by the Department of Defense to provide everything from kitchen services to
bodyguards and intelligence. All of these are very well paid and now have an
interest in promoting unending wars. Add to this the new power of think tanks
taking money from war-wanting corporations and foundations to hire skilled polemicists
and propagandists to work the 24-hour news cycle.
The complex has seen military spending triple since 9/11. The collapse of
communism had threatened them. As they faced lower budgets, they offered
a plan to keep military budgets high. The bin Laden attack suited them perfectly.
Hundreds of billions were then appropriated for the complex, even for weapons
irrelevant to the war on terror. Unbelievable profits rolled in. But few question
the waste, and all the Republican presidential candidates (except Ron Paul)
and most of the Democrats want to increase it further.
Next come the religious fundamentalists' dominant minority of Armageddonites,
those who see Israel's expansion as expediting the return of Christ. They see
Bush as God's agent. They saw, in the words of Tom DeLay, that the war in Iraq
was a prelude to the chaos necessary to bring
about the "end times."
Then there's Big Oil. Although long ago it opposed the Israel lobby for antagonizing
the Muslim world, more recently it has cast its lot with imperialism. Kevin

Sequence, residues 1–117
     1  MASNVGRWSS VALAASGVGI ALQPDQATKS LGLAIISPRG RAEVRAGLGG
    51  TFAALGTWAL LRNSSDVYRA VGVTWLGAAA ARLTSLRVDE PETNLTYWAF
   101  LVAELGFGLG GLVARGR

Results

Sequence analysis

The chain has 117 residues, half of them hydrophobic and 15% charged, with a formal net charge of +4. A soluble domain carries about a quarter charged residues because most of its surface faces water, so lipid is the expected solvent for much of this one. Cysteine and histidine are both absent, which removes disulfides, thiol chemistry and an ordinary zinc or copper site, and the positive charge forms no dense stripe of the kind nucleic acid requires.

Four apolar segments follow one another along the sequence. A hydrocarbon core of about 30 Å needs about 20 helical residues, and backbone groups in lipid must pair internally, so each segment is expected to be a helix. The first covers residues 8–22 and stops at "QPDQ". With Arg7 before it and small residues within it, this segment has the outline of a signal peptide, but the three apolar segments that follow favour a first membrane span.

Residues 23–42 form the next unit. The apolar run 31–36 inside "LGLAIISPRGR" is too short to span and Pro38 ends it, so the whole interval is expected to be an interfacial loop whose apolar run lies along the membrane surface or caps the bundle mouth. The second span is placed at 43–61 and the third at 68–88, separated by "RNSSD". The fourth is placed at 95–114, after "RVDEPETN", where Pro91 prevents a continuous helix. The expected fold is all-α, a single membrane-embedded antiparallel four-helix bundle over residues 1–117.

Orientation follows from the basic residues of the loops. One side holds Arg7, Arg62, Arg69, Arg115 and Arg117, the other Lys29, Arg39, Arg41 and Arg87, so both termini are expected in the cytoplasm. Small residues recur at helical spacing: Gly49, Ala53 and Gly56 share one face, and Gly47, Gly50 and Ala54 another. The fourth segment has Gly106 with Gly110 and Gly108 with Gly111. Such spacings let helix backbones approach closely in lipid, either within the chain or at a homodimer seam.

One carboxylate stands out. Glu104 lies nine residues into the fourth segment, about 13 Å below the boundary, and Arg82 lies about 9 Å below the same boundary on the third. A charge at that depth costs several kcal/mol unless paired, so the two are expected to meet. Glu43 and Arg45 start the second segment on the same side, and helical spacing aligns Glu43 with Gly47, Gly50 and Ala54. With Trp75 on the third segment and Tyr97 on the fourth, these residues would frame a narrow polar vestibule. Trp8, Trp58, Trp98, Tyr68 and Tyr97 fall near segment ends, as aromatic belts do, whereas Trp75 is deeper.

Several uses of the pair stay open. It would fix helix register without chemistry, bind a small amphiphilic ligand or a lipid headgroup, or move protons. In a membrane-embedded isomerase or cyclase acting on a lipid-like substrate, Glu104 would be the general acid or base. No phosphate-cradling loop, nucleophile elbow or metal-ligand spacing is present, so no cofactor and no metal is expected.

Phillips argues in his book American
Theocracy that Big Oil supported the Iraq war. It feared that Washington
had made American interests so unwelcome in much of the Muslim world that future
concessions and contracts would be going to Chinese, French, Italian, Indian,
and Russian companies. In this view, conquering Iraq and placing major military
bases on its soil would sustain a friendly government that would give first
choice to American interests. Needless to say, it's
not working out that way. Iraq's oil production is minimal, and even Saudi
Arabia chose a French company over American rivals for its last big postwar
contract. The war also further revived Russian nationalism and aroused major
anti-American forces in Central Asia so that American oil companies are weakened
there as well. But at least oil was a tangible reason for war, a reason most
recently backed up in Alan Greenspan's biography.
Then come many leading American conservatives. Mostly
ignorant of the outside world and still fighting the Cold War against the United
Nations, they see the world as allied against America. They strongly sympathized